Faith and Meaning in the Southern Uplands

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University of Illinois Press, 1999 - Appalachian Region - 245 pages
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Never have so many missionaries been sent to save so many Christians as is the case in the Southern Uplands. The area has long been perceived by American Christians in contradictory ways: on the one hand, as an unchurched area with people who have little religion or an inadequate faith; on the other, as part of the Bible Belt, packed with small breakaway fundamentalist churches and wild-eyed believers.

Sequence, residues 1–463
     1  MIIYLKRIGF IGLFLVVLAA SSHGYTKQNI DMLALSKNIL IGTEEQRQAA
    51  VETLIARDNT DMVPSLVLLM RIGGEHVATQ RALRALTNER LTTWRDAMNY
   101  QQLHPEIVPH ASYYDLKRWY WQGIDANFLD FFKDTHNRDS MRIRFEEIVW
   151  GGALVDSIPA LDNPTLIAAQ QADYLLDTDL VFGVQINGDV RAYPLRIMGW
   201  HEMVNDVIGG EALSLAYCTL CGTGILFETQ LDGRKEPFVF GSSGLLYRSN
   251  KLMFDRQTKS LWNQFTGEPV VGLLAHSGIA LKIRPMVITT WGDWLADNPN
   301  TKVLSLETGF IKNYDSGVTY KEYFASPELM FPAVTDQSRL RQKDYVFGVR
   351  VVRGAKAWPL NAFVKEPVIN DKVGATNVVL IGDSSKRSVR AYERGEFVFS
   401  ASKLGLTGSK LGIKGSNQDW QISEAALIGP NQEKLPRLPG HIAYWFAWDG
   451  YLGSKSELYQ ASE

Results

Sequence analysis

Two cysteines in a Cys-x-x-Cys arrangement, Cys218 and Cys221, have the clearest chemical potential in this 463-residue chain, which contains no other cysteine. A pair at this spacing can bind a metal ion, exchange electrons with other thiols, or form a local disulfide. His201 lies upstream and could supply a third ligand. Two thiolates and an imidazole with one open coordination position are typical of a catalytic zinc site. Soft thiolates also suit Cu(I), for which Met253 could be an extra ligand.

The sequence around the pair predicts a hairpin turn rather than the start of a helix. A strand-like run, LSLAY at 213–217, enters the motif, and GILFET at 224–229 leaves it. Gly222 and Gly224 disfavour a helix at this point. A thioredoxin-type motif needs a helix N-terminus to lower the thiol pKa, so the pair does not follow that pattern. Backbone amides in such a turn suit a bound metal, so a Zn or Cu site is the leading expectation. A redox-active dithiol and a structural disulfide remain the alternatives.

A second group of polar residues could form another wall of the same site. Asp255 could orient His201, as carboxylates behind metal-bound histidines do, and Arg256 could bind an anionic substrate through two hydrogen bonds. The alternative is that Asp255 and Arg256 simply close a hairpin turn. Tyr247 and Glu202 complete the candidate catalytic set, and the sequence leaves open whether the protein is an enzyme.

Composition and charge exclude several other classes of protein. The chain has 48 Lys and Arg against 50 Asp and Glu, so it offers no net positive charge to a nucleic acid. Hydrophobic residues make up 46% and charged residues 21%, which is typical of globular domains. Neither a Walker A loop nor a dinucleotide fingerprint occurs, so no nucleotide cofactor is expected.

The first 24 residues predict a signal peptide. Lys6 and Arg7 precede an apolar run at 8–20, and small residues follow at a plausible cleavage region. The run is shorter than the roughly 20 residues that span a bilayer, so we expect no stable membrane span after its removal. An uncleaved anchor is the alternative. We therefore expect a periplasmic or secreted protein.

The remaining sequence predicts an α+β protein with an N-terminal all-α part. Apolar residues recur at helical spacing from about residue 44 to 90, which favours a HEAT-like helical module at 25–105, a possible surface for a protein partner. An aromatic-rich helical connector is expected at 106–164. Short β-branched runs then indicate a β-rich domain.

In Faith and Meaning in the Southern Uplands, one of Appalachian religion's most eloquent spokesmen reveals a people devoted to and thoughtful about their religion, and profoundly influenced by it. Loyal Jones's three decades of conversations and interviews, supplemented by documents such as sermons, testimonies, and articles of faith, articulate Southern Upland views on basic issues of the human condition -- faith, God, the world, the Word, and the devil -- as well as on community issues such as racial integration and women in the church. In their own voices these people describe their beliefs, their churches, and their lives, exposing a deep conviction tempered with humanity and humor.

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